New York City partiers have an unwritten rule that is slavishly followed: You do not arrive and fill the venue until exactly 12:30 AM. The rules gave Oscar P, the opening DJ at Basic NYC's recent event at Sullivan Room, exactly what he wanted: Carte blanche to create and control a crowd and its vibe. Within an hour, P was sweating over the decks and wringing out as many high notes and as much boom as the club's sound system could handle, causing the swelling number of individuals—who were initially more worried about their drinks—into a mass of enthusiastic clubbers on the dance floor.
Eventually, Cajmere, AKA Green Velvet AKA Curtis Jones, slipped into the booth and P teased the now-packed crowd by dropping "Percolator." He then mixed in his own "Time Machine" as a chaser, pouring gasoline onto the already high-octane expectations of Jones' forthcoming set. The vocals inflamed the crowd, warning that "if there is someone standing next to you, right now, who says they just don't like house music, they need to get out of the club right now, because they will get hurt!" The crowd went wild, and so did Jones. The party was perfectly ripe for him to pluck.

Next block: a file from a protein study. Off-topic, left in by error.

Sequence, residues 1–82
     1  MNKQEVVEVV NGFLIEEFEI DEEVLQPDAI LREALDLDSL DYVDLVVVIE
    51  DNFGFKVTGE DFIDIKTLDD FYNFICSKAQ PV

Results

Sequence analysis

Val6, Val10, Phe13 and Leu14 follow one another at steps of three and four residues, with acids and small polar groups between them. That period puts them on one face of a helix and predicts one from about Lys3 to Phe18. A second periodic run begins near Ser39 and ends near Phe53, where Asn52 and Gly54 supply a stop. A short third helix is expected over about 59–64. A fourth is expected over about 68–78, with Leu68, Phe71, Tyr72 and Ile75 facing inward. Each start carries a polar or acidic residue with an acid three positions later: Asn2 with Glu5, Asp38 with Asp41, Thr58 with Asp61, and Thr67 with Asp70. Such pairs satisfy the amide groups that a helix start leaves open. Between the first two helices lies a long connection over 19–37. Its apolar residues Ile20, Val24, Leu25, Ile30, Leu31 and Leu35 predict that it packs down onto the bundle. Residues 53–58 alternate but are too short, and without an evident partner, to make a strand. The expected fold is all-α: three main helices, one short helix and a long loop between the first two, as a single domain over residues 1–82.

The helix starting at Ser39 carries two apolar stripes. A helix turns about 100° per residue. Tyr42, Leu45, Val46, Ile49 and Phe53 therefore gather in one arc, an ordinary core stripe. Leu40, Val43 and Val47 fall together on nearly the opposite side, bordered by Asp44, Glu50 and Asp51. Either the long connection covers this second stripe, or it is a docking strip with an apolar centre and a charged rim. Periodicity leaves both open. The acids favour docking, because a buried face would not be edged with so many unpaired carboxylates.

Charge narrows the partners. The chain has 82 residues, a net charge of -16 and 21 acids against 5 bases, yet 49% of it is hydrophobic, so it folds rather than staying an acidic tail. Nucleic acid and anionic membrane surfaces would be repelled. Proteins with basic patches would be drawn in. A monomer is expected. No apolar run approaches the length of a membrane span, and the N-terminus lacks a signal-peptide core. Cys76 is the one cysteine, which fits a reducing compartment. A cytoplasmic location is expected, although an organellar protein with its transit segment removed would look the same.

Photo credit: Sleepy & Boo
And he did. Sort of. Armed with a recently released album and new mixes of "Percolator" as Cajmere and multiple newly released remixes, including "La La Land" under the Green Velvet name, Jones was confusingly billed on the night as "Cajmere AKA Green Velvet."
Outside, people in the queue were asking each other who was performing. The answer was both—like the flier said. The reason was one of necessity: As mentioned earlier, Jones had new material out under both names he wanted to show off. Cajmere is a great DJ, and Green Velvet is a great performer when he gets a pair of headphones in his hands to use as a mike. You'd think that putting the two together would make for an amazing experience. On this night, though, what we got was a greatest hits medley with Japanese Popstars and Felix Cartel thrown in. Fortunately, those hits truly are great. Perhaps unfairly, however, one yearns for a bit more. Rather than a hodgepodge of Jones' characters and classics, a night of jackin' Chicago house would have been even greater.